[Marxism] Linda Ronstadt and "That Bad Eartha"

Brian Shannon Brian_Shannon at verizon.net
Tue Jul 20 20:09:25 MDT 2004

The singer Linda Ronstadt was not just booed - she also got the boot 
after praising the filmmaker Michael Mooreand his new movie "Fahrenheit 
9/11" during a performance in Las Vegas. Before singing "Desperado" for 
an encore, Ronstadt called Moore a "great American patriot" and 
"someone who is spreading the truth." She also encouraged the audience 
at the Aladdin Casino to see the documentary about President George W. 
Bush. Some of the 4,500 people in attendance stormed out of the 
theater. People also tore down concert posters and tossed cocktails 
into the air. "It was a very ugly scene," said the Aladdin president, 
Bill Timmins. "She praised him and all of a sudden all bedlam broke 
loose." Timmins, who is British and was watching the show, said that he 
had not allowed Ronstadt back in her luxury suite afterward and that 
she had been escorted off the property. Moore released a letter that he 
intends to send to Timmins, saying: "For you to throw Linda Ronstadt 
off the premises because she dared to say a few words in support of me 
and my film, is simply stupid and un-American."

In the middle of a successful career, Eartha Kitt risked it all, 
speaking out in the "belly of the beast"--well, actually in front of 
Lady Bird Johnson at a White House luncheon in 1968. There was some 
criticism of Joseph Hansen, a long-time leader of the SWP, when he put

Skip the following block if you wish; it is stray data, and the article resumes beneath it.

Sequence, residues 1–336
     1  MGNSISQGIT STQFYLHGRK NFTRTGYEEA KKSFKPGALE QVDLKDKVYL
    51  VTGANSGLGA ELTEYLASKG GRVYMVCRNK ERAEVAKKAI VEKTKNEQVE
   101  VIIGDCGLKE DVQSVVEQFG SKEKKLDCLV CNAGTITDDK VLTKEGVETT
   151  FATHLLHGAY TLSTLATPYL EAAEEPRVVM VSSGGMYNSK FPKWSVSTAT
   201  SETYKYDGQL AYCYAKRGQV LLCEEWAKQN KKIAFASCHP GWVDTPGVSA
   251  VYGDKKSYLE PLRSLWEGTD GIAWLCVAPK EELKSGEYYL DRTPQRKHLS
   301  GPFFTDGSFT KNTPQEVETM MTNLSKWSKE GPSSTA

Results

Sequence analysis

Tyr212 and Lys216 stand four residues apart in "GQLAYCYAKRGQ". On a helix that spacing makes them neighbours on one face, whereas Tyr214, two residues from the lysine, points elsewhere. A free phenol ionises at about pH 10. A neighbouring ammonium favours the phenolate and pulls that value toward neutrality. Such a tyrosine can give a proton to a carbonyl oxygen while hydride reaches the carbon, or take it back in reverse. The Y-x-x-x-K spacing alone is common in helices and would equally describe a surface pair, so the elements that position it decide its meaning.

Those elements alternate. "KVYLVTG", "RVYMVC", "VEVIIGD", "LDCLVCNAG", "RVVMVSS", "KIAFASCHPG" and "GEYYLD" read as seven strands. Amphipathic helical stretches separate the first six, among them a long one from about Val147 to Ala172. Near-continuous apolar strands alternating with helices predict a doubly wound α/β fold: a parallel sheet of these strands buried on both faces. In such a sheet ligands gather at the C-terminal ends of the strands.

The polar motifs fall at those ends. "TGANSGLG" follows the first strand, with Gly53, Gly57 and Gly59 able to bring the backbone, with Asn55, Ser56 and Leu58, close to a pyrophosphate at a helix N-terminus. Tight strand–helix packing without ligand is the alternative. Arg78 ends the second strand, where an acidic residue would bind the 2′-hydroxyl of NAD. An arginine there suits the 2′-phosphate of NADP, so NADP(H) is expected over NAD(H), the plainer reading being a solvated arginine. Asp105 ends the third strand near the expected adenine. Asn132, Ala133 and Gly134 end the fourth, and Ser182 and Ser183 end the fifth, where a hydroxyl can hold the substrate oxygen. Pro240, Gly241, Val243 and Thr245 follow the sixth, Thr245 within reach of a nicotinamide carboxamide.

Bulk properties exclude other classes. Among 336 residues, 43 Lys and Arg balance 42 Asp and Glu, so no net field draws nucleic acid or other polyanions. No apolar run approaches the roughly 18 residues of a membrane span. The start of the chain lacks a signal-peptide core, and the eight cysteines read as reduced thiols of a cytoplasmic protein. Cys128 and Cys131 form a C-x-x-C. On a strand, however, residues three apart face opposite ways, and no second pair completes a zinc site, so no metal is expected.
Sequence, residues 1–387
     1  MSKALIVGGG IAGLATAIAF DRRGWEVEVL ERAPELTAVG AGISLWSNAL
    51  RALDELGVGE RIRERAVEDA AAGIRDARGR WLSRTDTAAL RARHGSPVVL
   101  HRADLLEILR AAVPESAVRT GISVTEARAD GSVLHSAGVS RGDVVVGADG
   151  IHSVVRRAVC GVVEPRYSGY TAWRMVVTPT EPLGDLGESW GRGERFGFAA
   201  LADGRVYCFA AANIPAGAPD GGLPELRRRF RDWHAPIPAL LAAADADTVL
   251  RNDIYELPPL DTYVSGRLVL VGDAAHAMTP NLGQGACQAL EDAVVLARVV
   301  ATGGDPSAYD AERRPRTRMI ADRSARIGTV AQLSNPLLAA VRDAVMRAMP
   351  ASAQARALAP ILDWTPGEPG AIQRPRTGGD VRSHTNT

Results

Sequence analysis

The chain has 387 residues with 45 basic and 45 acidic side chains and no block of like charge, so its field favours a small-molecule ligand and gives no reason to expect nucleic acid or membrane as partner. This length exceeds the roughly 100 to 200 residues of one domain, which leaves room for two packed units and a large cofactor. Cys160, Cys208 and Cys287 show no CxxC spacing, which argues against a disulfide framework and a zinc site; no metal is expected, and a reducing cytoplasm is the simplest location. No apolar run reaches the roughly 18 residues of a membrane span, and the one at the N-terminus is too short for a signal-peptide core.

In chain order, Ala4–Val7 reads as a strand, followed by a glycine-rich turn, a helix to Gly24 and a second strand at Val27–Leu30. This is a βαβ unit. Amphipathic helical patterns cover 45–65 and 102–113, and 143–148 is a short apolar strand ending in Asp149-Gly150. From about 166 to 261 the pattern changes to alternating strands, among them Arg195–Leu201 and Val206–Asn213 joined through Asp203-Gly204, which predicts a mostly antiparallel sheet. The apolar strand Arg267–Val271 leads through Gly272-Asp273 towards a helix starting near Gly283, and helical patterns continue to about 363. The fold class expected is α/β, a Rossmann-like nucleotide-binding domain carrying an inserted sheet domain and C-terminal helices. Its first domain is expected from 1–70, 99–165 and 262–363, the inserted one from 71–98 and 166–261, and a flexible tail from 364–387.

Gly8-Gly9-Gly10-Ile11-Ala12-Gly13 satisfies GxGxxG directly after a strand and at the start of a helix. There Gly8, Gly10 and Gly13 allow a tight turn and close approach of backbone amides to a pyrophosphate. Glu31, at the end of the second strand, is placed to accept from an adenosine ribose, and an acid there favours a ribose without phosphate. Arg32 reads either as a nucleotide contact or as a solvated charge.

her album cover "That Bad Eartha" on the front of Intercontinental 
Press. But I think Kitt would have loved it. I'm sure that Kitt as 
Helen of Troy and Catwoman [deja vu again] would have sizzled.

After winning a scholarship to the Katherine Dunham Dance School, she 
began to tour with the group and achieved her first professional 
success. As a member of the troupe, the sixteen year old Kitt toured in 
Mexico, Europe and South America as well as the U.S. Choosing to stay 
in Paris, she began to sing in nightclubs. Subsequently, Kitt became 
known as a singer and actress as well as a dancer. In 1950 she began 
her acting career as Helen of Troy in an Orson Welles production 
entitled Time Runs. In 1952 she starred in a Broadway musical, New 
Faces of 1952. She recorded a number of successful songs in the early 
1950s as well. Kitt continued to act in both theater and on film, and 
to perform in nightclubs.Unwilling to contribute to the discrimination 
rampant in American society, Kitt decided that she would not perform 
before segregated audiences and included that requirement in her 
contracts. She appeared in several films, including St. Louis Blues in 
1958 and Anna Lucasta in 1959. In the 1960s she played the role of 
Catwoman on the Batman television show. Kitt had seemingly achieved the 
American dream, and was a success in show business.

Her career took a different turn after she spoke out against the 
Vietnam War at a White House luncheon in 1968 in the presence of Lady 
Bird Johnson. As a result of her outspoken anti-war position, she was 
blackballed and was unable to find work in the U.S., with the exception 
of a few talk shows. Contracts were lost or cancelled. The CIA 
developed a file containing personal and professional information. 
Eartha moved to Europe, where she lived and worked for the next ten 
years, struggling financially and ignored by many friends. Kitt has 
said she would have spoken out even if she had known the consequences.

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